This subproject is one of many research subprojects utilizing the resources provided by a Shared Instrumentation Grant funded by NIH/NCRR. The subproject and investigator (PI) may have received primary funding from another NIH source, and thus could be represented in other CRISP entries. The institution listed is for the grant, which is not necessarily the institution for the investigator. DESCRIPTION (provided by applicant): Researchers from across the campus of University of Maryland, Baltimore request funding for the purchase of Advanced Functional MRI hardware and software to enhance a 3.0 Tesla research-dedicated magnet. This newly-acquired research magnet has capabilities limited to its primary project, which is to scan knees as part of a multi-center Osteoarthritis initiative. While the scanner itself is state of the art equipment, its associated tools are very limited, and will not foster the growth of magnetic resonance research on this campus. Additionally, the scanner is idle for the most part even after fulfilling its primary objective of producing structural images of the knee joints. The lack of suitable hardware and software on this scanner has severely limited the use of this high field magnet for research. NIH sponsored investigators who are currently using magnetic resonance imaging come from various departments within the campus including radiology, neurology, psychiatry, pharmacology, cardiology, anatomy and physiology. These researchers use the clinical 1.5 Tesla scanners operated by the University of Maryland Medical System during limited hours to conduct their research. Availability of hospital scanner time for research has become increasingly difficult over the past few years due to growing clinical demand. This restrictive situation has led some of the investigators to move their research to neighboring institutions. No time is available on the hospital scanner for new investigators. The new research-dedicated 3.0 Tesla machine promises to change this situation for biomedical magnetic resonance by enhancing the research of current investigators, and increasing access to much needed MR instrumentation for new investigators. The proposed upgrade to the instrument promises to advance research in the area of human brain function through use of techniques such as fMRI, diffusion tensor imaging, and spectroscopy. The capability of performing such research in conjunction with parallel imaging with optimized coils will allow the magnetic resonance research community at the University of Maryland, Baltimore to be at the forefront of functional neuroimaging research.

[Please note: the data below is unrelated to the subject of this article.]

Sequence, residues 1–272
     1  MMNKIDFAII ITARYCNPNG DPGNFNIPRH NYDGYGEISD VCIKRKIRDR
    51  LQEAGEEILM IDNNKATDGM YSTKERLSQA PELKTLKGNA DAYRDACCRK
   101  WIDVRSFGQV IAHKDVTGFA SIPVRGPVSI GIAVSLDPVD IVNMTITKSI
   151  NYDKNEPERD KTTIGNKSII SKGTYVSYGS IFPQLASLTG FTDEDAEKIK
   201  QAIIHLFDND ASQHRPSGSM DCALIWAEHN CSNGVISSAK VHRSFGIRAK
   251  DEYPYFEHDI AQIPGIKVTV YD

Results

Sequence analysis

National Institute of Health (NIH)
National Center for Research Resources (NCRR)
Biomedical Research Support Shared Instrumentation Grants (S10)
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Special Emphasis Panel (ZRG1-SBIB-R (30))
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University of Maryland Baltimore
Schools of Medicine
United States
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Sours, Chandler; Raghavan, Prashant; Foxworthy, W Alex et al. (2017) Cortical multisensory connectivity is present near birth in humans. Brain Imaging Behav 11:1207-1213
Bernstein, S L; Meister, M; Zhuo, J et al. (2016) Postnatal growth of the human optic nerve. Eye (Lond) 30:1378-1380
Sours, Chandler; George, Elijah O; Zhuo, Jiachen et al. (2015) Hyper-connectivity of the thalamus during early stages following mild traumatic brain injury. Brain Imaging Behav 9:550-63
Sours, Chandler; Rosenberg, Joseph; Kane, Robert et al. (2015) Associations between interhemispheric functional connectivity and the Automated Neuropsychological Assessment Metrics (ANAM) in civilian mild TBI. Brain Imaging Behav 9:190-203
Sours, Chandler; Zhuo, Jiachen; Janowich, Jacqueline et al. (2013) Default mode network interference in mild traumatic brain injury - a pilot resting state study. Brain Res 1537:201-15